The book grabs your interest right away with the phrase “Oliver is somewhat unusual. He has a very special ability to attract rare and unusual events.” I was intrigued to see what these events would be. But then the page says, “He understands that his mommy is gone. He has always felt her nearby. He has a guardian angel.” This threw me off. I wasn’t sure of the connection between the ability to attract rare and unusual events and having his mother as a guardian angel.
As Oliver grew older, he learned to walk quickly without falling because of his guardian angel assisting him. He learned to ride a bike with her help too. She pulled them out of the way of oncoming traffic because he wasn’t watching where he was going. She caught him, and the rice when he fell off a box. She helped him impress his aunt with karate moves he didn’t know. She cooled down his bathtub water and shut the window. He slid down the banister without falling as she held him. I was somewhat disappointed that the “fantastic adventures of Oliver Phenomena” were ordinary family occurrences. Perhaps just “Oliver and the Guardian Angel” would’ve been a more suitable title.
The book ends, “Later, Mr. P. stood at Oliver’s door, and whispered, ‘Good night to you, son, and well… whoever keeps you safe.’ Oliver slept well that night knowing he had his guardian angel.”
The book is fairly easy to read with just enough vocabulary on each page. Oliver is a busy character. His situations are often humorous. I was hoping he would grow to become more independent as the story progressed, but there was no change in his development. This isn’t really a “plot” kind of story, more of a presentation of a religious concept. There really is no beginning, middle, or end and no real conflict because we know the angel will protect him. I would have enjoyed it more if Oliver had reached a state of independence and maturity that his mother could watch with confidence and relief. Her role then would have been to keep him safe up to that point.
Using full-page, full-color pictures, the illustrator, Joshua Aquino does a terrific job of conveying the nonstop activity of a little boy. Thankfully, he doesn’t draw the guardian angel mother with wings. She is perfect the way she is. She exudes motherly love in a gentle and charming way.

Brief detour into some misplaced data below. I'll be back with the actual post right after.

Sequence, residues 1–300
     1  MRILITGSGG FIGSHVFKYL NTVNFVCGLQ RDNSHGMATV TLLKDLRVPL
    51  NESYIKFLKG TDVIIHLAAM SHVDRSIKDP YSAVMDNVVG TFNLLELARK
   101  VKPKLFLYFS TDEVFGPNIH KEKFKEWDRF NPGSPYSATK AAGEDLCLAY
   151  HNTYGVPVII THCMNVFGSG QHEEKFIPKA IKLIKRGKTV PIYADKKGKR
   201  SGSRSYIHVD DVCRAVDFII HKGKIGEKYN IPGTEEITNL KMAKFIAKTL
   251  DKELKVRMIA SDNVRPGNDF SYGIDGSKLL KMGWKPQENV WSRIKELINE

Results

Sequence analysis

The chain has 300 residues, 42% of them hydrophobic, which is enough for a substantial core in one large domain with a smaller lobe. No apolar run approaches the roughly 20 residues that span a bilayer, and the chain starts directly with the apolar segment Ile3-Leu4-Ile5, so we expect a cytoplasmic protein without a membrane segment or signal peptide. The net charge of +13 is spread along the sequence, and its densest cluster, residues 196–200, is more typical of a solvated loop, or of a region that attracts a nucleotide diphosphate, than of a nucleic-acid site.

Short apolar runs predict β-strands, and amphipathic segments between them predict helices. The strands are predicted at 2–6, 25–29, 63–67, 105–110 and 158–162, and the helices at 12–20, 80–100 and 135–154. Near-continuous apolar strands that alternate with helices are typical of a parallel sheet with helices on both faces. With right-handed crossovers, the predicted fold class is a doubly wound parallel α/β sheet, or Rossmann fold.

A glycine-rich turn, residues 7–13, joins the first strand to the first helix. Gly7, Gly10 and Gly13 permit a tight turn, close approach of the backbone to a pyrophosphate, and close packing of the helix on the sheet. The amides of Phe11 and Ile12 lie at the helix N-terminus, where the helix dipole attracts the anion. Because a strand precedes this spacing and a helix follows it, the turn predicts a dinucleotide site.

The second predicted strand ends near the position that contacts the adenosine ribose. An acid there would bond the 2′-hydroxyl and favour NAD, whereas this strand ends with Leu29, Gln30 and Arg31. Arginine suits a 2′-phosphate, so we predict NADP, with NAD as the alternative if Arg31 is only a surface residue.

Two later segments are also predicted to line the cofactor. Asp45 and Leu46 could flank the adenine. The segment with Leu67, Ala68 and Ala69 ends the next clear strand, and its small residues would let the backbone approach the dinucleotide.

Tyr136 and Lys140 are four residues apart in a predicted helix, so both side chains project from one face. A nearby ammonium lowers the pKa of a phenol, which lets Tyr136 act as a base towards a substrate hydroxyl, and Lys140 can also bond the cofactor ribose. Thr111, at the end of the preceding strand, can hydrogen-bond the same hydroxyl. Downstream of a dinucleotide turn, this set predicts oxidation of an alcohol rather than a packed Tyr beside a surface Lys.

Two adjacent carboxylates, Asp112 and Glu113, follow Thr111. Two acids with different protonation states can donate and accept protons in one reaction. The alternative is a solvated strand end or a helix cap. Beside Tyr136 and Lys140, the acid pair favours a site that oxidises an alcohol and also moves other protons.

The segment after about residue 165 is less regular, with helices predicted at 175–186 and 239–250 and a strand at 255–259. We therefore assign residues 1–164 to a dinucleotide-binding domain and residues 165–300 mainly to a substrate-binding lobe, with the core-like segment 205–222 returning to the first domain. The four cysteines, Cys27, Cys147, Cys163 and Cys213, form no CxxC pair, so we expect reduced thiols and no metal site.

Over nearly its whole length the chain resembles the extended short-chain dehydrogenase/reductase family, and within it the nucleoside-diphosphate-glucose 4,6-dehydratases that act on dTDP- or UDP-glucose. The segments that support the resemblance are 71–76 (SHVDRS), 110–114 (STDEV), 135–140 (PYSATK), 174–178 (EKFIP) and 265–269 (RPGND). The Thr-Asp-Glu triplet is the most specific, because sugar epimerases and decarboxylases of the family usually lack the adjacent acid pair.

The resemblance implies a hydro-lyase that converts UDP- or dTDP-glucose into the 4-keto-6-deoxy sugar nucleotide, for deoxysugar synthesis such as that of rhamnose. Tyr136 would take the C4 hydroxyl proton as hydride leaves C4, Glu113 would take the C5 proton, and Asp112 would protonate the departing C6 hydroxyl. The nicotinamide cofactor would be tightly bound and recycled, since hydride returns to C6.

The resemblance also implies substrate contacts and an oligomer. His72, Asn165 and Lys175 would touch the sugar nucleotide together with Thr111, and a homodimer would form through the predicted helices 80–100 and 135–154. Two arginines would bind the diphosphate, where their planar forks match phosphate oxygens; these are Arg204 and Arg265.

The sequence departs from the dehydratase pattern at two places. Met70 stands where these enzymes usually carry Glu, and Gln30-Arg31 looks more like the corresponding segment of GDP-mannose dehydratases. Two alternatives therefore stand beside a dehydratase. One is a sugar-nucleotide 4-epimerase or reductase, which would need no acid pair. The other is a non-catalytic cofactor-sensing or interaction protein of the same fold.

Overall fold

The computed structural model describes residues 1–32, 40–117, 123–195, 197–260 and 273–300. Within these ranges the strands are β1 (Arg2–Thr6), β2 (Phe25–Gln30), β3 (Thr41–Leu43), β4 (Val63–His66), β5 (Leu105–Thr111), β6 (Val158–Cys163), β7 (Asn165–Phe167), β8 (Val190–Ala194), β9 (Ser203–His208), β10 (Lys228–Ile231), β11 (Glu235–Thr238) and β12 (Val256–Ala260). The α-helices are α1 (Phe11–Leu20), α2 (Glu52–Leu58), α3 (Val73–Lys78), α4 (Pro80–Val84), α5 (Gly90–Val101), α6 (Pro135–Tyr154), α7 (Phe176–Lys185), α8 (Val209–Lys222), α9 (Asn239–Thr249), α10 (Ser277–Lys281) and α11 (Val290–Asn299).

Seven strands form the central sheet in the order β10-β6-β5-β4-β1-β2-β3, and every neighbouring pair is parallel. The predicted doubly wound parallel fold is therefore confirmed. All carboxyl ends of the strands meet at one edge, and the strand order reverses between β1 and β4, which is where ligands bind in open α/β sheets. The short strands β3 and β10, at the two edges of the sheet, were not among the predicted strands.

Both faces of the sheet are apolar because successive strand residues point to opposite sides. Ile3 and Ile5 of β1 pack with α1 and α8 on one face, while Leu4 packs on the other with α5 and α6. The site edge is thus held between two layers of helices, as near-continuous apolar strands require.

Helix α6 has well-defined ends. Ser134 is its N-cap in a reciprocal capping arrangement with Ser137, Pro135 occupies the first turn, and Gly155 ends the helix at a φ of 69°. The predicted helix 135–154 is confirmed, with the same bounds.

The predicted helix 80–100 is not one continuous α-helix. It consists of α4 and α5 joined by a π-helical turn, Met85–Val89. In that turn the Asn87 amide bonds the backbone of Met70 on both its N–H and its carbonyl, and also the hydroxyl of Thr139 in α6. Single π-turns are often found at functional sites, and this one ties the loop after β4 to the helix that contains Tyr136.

I might suggest that the illustrator add children of diversity to future books. One of Oliver’s friends could have been from an underrepresented group.
One question I ask myself when ever I review a children’s book is – So what does a child gain from reading this? If you have bought this book published by a Christian publisher, you are probably very comfortable with the concept of guardian angels. It may also be reassuring for your child to believe that a deceased parent is still loving and caring for him. However, a note of caution. I have known of children who put themselves at high risk because they have believed that their guardian angel will save them from any harm. One child even ran out into traffic. (It really jarred me when the child in this book did exactly that.) Please, if you read this book with your child, address this. It’s a complicated topic. On the one hand, you do not him or her want to think they can do any dangerous thing at all and their guardian angel will prevent them from injury or death. On the other hand, if you want your child to believe in guardian angels, then you’ll have to explain why his or hers is not protecting as well as Oliver’s. Whatever your belief system, just be prepared for a discussion before and after reading this book.
Because of the nature of this book, I am not rating the subject matter or the story line but instead I’m assessing the packaging of this concept.I did not know the subtitle of this book or I would not have accepted it for review. I do not want to review religious books.
I was given a free copy of this book in return for a fair and honest review.